Feature Image Source: iStock.com/Annasunny
In a world of natural calamities, political strife, social disparity and religious upheaval, the word “building” seems to have a different connotation, synonymous with impossible. Whereas the 20th century had been about corporate greed and profiteers, today’s business environment is more focused on opportunities beyond the limitation of resources; organizations work to find and exploit opportunities that appeal to the consumers regardless of the ethics behind their tactics. It’s then not surprising to find specifically for-profit enterprises under the guise of social entrepreneurship.
Despite that, there is a category of business organization which has recently popped up more frequently as we approach the second decade of the 21st century – it is called social impact enterprise model (Austin, Stevenson, and Wei-Skillern 2003). Social impact organizations are enterprises which work specifically to alleviate society’s maladies. One such organization which has recently made waves is Visit.org.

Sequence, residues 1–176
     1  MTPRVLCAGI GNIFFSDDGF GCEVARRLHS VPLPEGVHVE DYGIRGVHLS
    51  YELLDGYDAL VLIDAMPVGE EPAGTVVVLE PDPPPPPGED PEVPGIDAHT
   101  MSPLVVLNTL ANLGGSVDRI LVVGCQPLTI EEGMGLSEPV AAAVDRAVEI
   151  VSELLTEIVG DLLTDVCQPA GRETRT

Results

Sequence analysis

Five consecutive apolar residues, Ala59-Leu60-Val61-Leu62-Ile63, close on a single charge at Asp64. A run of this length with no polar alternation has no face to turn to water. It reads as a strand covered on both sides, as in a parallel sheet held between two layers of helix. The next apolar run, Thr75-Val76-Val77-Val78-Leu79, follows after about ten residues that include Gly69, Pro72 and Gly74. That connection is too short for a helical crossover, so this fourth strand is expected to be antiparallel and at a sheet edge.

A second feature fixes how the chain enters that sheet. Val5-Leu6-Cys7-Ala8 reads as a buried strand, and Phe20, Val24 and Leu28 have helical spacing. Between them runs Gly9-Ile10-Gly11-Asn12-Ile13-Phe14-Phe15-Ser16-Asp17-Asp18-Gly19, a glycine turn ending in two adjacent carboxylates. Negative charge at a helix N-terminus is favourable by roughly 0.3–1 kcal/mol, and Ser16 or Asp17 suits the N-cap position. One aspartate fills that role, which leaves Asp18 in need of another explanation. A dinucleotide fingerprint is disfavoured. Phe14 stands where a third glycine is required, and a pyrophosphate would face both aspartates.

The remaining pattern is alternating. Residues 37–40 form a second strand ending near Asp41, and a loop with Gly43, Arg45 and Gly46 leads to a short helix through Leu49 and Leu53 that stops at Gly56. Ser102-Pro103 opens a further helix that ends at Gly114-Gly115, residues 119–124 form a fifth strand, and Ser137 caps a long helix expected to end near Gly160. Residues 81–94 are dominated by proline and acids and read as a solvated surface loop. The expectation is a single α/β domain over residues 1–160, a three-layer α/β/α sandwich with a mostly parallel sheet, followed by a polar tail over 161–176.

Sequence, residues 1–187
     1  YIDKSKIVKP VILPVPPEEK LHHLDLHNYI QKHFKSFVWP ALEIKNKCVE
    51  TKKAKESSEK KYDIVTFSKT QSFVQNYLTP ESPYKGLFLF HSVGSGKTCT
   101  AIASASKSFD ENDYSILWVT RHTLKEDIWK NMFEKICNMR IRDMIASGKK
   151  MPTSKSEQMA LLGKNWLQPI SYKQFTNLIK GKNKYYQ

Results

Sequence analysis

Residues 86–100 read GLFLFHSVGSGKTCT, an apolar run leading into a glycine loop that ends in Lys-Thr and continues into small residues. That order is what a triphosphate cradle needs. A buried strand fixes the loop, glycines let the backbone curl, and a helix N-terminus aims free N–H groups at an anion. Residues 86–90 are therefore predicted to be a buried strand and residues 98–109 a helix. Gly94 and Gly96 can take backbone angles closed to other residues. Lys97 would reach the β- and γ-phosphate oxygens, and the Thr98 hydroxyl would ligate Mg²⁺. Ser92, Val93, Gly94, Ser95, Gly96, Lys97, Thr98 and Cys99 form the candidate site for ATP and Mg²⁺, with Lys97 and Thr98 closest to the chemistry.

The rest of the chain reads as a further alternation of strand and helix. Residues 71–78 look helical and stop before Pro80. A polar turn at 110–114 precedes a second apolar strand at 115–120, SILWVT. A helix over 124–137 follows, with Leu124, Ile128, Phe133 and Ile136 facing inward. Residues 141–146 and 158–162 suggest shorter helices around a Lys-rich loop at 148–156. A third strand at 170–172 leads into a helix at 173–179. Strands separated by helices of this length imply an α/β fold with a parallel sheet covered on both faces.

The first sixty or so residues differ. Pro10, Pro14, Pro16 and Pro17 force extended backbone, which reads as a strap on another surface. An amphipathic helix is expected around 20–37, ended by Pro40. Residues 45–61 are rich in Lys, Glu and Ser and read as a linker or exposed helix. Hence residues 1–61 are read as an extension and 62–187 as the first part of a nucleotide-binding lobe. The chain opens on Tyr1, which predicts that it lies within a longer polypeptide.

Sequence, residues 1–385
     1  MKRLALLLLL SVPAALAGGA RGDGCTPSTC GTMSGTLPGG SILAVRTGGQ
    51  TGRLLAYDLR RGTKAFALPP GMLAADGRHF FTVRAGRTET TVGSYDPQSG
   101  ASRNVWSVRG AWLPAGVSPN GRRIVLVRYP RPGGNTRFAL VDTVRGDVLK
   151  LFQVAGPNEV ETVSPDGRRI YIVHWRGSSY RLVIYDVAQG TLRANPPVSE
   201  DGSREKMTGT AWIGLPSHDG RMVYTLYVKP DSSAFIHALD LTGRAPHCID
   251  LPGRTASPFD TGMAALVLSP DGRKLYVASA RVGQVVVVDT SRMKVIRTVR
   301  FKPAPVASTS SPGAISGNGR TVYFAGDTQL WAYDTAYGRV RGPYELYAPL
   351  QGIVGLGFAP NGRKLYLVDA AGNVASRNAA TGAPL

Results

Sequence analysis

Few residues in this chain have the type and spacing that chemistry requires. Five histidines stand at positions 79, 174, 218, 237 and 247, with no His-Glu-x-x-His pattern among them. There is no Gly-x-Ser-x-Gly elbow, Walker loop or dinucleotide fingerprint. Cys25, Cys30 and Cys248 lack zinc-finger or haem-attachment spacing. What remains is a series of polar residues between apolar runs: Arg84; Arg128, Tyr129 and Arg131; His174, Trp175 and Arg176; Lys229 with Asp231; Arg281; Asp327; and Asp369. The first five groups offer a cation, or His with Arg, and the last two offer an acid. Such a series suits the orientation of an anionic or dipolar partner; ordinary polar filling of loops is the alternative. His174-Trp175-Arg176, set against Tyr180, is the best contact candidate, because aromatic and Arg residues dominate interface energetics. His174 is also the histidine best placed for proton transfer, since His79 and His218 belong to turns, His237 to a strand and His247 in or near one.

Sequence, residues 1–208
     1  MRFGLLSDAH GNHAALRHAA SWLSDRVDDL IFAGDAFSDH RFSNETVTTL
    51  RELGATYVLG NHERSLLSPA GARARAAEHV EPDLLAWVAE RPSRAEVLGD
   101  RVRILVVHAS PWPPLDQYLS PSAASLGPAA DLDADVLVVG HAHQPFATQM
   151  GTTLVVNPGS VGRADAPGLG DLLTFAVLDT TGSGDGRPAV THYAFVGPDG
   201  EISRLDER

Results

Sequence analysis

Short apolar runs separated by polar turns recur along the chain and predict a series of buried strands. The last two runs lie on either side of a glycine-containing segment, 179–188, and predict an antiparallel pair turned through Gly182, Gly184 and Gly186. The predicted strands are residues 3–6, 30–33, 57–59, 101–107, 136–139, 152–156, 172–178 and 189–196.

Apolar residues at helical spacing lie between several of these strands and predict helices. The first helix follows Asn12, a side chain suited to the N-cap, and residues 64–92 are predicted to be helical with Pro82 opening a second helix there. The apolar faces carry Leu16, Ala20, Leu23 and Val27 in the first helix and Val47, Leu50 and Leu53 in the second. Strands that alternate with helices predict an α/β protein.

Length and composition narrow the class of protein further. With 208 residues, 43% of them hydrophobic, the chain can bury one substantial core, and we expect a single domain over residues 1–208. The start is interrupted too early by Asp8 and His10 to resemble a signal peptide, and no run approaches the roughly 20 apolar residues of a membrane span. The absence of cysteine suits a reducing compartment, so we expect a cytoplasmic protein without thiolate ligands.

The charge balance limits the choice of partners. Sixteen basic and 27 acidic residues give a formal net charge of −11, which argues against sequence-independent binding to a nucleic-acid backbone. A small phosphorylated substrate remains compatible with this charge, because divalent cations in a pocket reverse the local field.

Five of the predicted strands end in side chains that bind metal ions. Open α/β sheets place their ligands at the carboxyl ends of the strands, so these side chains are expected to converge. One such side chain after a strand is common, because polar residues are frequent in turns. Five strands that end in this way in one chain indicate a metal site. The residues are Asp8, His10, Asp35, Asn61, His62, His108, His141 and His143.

Still in their beta phase, Visit.org is an online marketplace that offers travel tours and cultural activities that help create awareness of local communities for travelers. What’s the surprise in that, you ask? Well, for one thing, in the process they are also planning to raise revenue for these communities to help them develop and overcome their setbacks. And in return, they give the world experiences to remember for the rest of their lives.
What’s more, their business model seems to rest on the social impact assessment framework (SIA).
The general principles and core values of SIA are: